New statistics show there's a 65 percent chance that your teenager is either experimenting or regularly using alcohol or drugs.
That's not the worst part. These same numbers show that kids are starting earlier than most expect.
Channel 4's Nikki Kimbleton talked with one teenager in rehab who said he's been using since he was very young.
"I was probably like 12 years old," admits Ben.
Marijuana was his drug of choice, and he tells Nikki that it was easy for him to get.
"Just by the click of the button, there was always someone in my class that had weed or anything like that."
Ben attended Fletcher high school, a place where counselors at Gateway Community Services see a drug problem. But it's not the only school with issues.
"We have problems in Mandarin, Southside, Northside," says Dawn Karlovich, clinical director at Gateway. "They're pretty much all over town. Drug use is prevalent."
Gateway's chief executive officer, Dr. Candace Hodgkins, warns parents that drugs don't discriminate.
"There are no stereotypes, addiction goes across all socioeconomic levels," says Hodgkins. "Everybody who's a parent needs to pay attention to what their child is doing and be aware what the signs are there so they can intervene sooner rather than later."
Hodgkins says the reason parents should be involved early in the process is because kids are experimenting earlier than ever before.
"There are some kids that start as early as nine or 10 years old."
In addition to new statistics that show kids are using at a younger age, there's one specific group of kids who tried drugs more in 2011: girls. Counselors say that in many cases, the opposite sex makes the drugs or alcohol available.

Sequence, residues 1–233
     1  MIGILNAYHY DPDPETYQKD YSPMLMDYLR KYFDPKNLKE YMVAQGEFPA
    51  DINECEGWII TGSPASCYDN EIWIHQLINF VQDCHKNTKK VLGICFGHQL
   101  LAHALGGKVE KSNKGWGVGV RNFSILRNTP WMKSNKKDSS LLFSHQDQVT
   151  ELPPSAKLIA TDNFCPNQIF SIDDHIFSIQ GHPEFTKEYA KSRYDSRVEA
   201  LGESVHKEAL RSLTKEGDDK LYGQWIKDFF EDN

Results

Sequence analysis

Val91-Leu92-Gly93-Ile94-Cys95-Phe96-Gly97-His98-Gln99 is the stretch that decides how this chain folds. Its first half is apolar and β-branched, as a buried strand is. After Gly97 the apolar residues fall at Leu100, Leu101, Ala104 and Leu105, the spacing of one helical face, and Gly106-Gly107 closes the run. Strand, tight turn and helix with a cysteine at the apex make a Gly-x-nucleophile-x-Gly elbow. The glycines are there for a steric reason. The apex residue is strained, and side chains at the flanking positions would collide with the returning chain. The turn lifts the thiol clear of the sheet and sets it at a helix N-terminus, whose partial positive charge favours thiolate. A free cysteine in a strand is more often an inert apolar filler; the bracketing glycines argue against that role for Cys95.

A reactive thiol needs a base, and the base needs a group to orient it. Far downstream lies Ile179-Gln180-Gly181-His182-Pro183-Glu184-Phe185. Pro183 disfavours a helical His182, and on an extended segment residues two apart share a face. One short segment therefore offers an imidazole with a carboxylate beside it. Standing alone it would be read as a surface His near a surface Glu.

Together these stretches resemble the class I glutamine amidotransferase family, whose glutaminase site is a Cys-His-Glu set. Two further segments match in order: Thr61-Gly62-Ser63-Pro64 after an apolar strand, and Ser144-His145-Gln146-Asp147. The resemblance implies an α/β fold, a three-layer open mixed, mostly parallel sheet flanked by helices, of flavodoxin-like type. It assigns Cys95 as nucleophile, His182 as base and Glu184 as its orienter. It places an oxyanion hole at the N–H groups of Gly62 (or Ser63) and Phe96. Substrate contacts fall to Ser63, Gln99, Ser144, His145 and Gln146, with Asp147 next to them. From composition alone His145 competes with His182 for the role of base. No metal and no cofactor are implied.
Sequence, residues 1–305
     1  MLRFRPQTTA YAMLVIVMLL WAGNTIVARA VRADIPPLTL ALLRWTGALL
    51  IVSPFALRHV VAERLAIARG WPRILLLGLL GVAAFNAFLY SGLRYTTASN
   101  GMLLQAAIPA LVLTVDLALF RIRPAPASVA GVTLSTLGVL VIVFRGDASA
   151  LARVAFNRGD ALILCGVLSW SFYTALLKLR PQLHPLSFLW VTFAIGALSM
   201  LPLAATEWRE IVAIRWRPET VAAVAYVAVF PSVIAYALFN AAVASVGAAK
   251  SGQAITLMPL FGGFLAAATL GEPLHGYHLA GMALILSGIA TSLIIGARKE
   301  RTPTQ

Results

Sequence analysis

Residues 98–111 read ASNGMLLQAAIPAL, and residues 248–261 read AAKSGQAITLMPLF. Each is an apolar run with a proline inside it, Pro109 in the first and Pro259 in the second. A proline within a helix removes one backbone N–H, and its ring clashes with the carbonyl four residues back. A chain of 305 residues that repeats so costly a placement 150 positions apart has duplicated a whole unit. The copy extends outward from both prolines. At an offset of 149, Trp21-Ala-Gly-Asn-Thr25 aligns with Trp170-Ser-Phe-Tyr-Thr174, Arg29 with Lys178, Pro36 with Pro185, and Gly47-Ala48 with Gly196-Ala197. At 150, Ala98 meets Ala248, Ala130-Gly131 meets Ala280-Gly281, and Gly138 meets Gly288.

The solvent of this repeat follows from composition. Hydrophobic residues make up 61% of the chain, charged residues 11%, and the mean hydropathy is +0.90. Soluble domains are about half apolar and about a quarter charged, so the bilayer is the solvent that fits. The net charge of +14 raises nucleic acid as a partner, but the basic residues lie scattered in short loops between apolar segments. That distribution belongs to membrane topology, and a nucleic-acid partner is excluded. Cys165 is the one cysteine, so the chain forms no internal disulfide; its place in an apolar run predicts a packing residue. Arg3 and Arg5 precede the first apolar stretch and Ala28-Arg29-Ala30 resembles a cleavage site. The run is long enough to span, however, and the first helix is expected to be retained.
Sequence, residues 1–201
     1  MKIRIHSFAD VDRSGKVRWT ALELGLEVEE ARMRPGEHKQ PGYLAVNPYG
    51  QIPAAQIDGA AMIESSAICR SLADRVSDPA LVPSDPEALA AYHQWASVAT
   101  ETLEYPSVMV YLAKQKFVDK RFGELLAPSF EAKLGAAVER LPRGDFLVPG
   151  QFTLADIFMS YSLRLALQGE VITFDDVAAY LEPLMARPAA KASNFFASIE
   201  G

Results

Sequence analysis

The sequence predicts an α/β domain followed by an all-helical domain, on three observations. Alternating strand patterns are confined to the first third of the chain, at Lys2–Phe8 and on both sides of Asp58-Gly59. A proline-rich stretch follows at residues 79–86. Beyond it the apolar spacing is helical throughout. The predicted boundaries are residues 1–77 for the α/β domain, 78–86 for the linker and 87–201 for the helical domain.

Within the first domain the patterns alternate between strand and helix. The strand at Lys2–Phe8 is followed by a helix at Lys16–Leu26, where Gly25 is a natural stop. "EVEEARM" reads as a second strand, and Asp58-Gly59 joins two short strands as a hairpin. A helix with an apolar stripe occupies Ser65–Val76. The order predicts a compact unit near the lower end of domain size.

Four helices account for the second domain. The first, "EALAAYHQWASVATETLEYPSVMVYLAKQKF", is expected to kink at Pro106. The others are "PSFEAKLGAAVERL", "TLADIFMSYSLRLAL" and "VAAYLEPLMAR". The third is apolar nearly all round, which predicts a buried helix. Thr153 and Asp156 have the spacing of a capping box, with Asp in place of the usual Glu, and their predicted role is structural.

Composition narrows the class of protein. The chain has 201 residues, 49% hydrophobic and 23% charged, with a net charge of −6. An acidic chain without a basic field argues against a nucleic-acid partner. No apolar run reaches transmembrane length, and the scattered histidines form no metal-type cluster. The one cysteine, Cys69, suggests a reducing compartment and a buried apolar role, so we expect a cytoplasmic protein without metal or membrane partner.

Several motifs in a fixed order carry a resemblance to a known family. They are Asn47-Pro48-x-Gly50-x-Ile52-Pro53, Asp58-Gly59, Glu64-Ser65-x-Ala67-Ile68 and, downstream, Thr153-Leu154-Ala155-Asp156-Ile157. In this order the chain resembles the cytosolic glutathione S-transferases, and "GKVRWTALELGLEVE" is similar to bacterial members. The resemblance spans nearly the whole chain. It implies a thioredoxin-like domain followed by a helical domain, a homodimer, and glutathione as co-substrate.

When teens are caught under the influence, they're often brought to Gateway Community Services and kept in the facility until they're clean. It's just one way they're able to get a real look at how many kids have tried drugs, and how many get hooked.
So how do you know if your child is using? Counselors at Gateway say to look for the typical signs: a drop in grades, bad attitude and lack of interest. Ben also reveals some other things that should make it obvious.
"They'll try to stay away from their house as much as they can," warns Ben. "They won't want to participate in family activities. Like if my mom asked me to come to dinner I would be like no, cause I wanted to go smoke."
Counselors at Gateway suggest looking through your childs room. They also reveal one of the most unusual hiding places they've come across.
"I think the place that shocked me was the electrical outlet," Karlovich said. "Finding it in there was surprising. It was inside of the outlet behind the bed."
Counselors say that's just one of the places kids hide their drugs. Coming up Wednesday morning at 7:45 a.m. on The Morning Show, Ben reveals where he would hide his stash. We also walk through a teens room showing all the places parents should be looking. Plus, find out the drugs your kids are most likely experimenting with and how to know for sure.